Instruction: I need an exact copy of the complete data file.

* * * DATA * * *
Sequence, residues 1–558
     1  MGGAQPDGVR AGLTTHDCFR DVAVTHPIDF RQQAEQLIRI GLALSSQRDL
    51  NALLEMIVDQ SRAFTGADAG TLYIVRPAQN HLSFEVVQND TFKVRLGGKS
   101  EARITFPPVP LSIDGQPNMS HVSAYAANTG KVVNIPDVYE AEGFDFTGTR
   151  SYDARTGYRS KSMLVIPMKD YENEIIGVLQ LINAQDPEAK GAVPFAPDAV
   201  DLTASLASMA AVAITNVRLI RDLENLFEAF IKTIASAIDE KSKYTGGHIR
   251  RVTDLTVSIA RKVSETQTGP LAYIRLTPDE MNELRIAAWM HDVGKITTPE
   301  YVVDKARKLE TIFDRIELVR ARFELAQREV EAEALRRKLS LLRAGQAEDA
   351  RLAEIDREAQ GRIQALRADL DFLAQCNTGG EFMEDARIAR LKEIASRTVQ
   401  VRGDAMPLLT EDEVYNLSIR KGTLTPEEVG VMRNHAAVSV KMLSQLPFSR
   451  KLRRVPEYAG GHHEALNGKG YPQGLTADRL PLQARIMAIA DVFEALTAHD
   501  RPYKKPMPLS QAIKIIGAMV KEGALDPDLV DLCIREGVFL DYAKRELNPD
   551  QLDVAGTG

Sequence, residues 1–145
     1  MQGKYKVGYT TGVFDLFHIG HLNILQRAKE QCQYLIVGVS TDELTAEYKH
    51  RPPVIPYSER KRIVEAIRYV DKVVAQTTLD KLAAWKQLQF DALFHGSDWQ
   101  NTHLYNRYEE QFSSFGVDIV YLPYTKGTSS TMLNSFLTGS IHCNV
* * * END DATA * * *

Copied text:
Sequence, residues 1–558
     1  MGGAQPDGVR AGLTTHDCFR DVAVTHPIDF RQQAEQLIRI GLALSSQRDL
    51  NALLEMIVDQ SRAFTGADAG TLYIVRPAQN HLSFEVVQND TFKVRLGGKS
   101  EARITFPPVP LSIDGQPNMS HVSAYAANTG KVVNIPDVYE AEGFDFTGTR
   151  SYDARTGYRS KSMLVIPMKD YENEIIGVLQ LINAQDPEAK GAVPFAPDAV
   201  DLTASLASMA AVAITNVRLI RDLENLFEAF IKTIASAIDE KSKYTGGHIR
   251  RVTDLTVSIA RKVSETQTGP LAYIRLTPDE MNELRIAAWM HDVGKITTPE
   301  YVVDKARKLE TIFDRIELVR ARFELAQREV EAEALRRKLS LLRAGQAEDA
   351  RLAEIDREAQ GRIQALRADL DFLAQCNTGG EFMEDARIAR LKEIASRTVQ
   401  VRGDAMPLLT EDEVYNLSIR KGTLTPEEVG VMRNHAAVSV KMLSQLPFSR
   451  KLRRVPEYAG GHHEALNGKG YPQGLTADRL PLQARIMAIA DVFEALTAHD
   501  RPYKKPMPLS QAIKIIGAMV KEGALDPDLV DLCIREGVFL DYAKRELNPD
   551  QLDVAGTG

Sequence, residues 1–145
     1  MQGKYKVGYT TGVFDLFHIG HLNILQRAKE QCQYLIVGVS TDELTAEYKH
    51  RPPVIPYSER KRIVEAIRYV DKVVAQTTLD KLAAWKQLQF DALFHGSDWQ
   101  NTHLYNRYEE QFSSFGVDIV YLPYTKGTSS TMLNSFLTGS IHCNV